SBB has demonstrated its capacity to manage business development programmes successfully with the MSED Programme which is about to be closed out, as well as the In-School Entrepreneurship programme and Youth Entrepreneurship Programme (YouthBiz592), both of which were piloted during 2017. Both of these programmes will be delivered in a more expanded way during 2019.

Business management and technical skills training are key success factors in the sustainability of small businesses, when these business owners have limited knowledge or capacity. All our initiatives will be supported by training and coaching to support individual needs, in order to maximize the success and sustainability of the projects supported by SBB.

As regards human resources required for effective delivery of all the aforementioned programmes, it is critical that SBB have the required human resource capacity, to be able to implement planned initiatives for the rest of 2018 and beyond. Of note is the fact that the remaining MSED staff is now down to six (6), of the current total of 15 staff.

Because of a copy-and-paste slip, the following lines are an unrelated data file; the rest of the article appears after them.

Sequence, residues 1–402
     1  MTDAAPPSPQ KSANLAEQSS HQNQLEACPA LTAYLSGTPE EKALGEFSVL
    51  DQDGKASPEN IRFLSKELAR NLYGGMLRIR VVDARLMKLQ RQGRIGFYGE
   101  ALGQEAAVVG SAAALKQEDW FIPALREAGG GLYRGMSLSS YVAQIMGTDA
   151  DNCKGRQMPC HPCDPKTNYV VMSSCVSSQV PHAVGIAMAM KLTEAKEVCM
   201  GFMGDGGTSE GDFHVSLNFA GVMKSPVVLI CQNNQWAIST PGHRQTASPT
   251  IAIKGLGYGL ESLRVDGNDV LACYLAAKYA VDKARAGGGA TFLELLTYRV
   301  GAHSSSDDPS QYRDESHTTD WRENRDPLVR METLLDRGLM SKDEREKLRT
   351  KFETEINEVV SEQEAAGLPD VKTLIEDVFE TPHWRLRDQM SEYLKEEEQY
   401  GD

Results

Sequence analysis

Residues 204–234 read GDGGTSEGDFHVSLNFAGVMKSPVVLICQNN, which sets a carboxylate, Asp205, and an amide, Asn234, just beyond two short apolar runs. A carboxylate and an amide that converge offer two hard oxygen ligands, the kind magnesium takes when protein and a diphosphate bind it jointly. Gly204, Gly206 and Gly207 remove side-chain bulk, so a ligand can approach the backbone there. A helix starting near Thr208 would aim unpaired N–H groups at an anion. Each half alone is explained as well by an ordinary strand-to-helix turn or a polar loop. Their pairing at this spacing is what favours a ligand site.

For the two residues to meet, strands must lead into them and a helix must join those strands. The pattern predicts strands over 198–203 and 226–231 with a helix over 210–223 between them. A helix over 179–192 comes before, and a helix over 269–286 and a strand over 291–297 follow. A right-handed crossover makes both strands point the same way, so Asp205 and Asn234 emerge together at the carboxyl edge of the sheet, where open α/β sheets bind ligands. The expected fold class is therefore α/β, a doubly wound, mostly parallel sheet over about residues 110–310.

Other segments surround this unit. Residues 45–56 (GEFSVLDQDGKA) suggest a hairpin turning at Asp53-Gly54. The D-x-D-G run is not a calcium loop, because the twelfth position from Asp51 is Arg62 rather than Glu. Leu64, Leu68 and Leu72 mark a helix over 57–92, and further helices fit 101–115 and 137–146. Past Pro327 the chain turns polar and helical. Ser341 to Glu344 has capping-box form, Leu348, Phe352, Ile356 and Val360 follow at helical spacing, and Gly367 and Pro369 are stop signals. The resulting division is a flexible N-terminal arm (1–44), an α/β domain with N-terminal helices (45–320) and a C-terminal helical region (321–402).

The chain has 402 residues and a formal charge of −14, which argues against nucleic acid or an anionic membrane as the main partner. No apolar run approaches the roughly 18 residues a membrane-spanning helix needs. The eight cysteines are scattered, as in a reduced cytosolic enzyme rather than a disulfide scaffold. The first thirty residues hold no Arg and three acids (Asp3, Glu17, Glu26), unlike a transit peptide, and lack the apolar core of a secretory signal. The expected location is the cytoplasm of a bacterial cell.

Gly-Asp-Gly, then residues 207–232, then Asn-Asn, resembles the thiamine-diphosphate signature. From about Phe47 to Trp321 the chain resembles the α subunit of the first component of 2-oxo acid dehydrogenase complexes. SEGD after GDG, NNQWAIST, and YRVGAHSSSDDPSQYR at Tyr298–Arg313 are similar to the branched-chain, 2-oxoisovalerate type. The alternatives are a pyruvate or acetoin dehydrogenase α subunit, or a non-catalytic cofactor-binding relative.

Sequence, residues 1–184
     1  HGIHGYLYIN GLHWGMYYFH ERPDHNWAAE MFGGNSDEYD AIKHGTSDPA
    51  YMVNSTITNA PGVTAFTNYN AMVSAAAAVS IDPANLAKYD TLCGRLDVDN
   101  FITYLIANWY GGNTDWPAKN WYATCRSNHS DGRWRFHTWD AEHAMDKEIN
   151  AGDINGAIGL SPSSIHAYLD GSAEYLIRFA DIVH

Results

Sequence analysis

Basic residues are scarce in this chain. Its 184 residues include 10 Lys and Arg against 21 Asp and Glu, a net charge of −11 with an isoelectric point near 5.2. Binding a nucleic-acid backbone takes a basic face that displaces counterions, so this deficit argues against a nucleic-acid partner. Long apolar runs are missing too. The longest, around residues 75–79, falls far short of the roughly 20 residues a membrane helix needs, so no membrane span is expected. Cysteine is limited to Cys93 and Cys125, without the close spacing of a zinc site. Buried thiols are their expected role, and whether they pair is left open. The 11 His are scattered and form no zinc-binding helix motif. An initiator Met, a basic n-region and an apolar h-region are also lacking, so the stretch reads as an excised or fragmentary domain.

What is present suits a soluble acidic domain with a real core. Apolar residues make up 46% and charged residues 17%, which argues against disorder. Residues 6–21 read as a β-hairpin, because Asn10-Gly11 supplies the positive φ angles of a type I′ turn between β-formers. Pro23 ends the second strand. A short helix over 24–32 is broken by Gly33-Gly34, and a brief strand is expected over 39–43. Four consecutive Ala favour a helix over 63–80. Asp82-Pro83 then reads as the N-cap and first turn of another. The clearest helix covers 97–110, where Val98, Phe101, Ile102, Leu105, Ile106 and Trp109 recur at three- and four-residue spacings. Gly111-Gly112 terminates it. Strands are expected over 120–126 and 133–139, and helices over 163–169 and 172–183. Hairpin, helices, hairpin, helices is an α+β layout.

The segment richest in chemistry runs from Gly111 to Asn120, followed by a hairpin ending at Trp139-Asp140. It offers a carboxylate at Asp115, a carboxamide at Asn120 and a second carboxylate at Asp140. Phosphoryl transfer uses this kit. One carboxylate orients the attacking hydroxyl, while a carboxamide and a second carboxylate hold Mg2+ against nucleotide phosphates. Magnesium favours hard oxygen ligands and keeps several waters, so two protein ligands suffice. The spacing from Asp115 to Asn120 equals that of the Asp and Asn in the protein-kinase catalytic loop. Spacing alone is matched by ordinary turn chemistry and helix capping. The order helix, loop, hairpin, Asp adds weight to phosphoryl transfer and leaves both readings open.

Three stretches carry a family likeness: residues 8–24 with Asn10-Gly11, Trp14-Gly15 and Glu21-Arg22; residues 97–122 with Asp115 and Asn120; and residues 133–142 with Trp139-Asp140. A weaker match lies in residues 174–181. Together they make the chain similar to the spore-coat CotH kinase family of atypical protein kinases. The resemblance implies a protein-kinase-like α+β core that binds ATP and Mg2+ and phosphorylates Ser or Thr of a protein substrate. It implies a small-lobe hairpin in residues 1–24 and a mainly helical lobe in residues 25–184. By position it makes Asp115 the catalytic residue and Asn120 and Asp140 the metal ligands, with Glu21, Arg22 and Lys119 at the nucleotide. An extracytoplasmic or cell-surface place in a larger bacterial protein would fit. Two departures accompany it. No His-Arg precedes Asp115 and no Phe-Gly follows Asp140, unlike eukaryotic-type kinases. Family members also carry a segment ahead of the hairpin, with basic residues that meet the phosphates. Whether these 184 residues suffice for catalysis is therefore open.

The Branding-Marketing-Awareness plan developed in 2018 for the Small Business Bureau, is expected to continue in 2019, with the objective being to position the Bureau as ‘the premier’ MSE development agency in Guyana as well as to motivate other prospective and existing MSEs to come into SBB to access programme offerings.  

The Business Bureau’s image was successfully enhanced during 2018 and 2019 activities are expected to build on success to date in this regard. Branding and marketing activities all served to raise awareness in the ten (10) administrative regions and this will be further developed with the operationalisation of the ‘help desks’ launched during 2018, in partnership with the Ministry of Communities.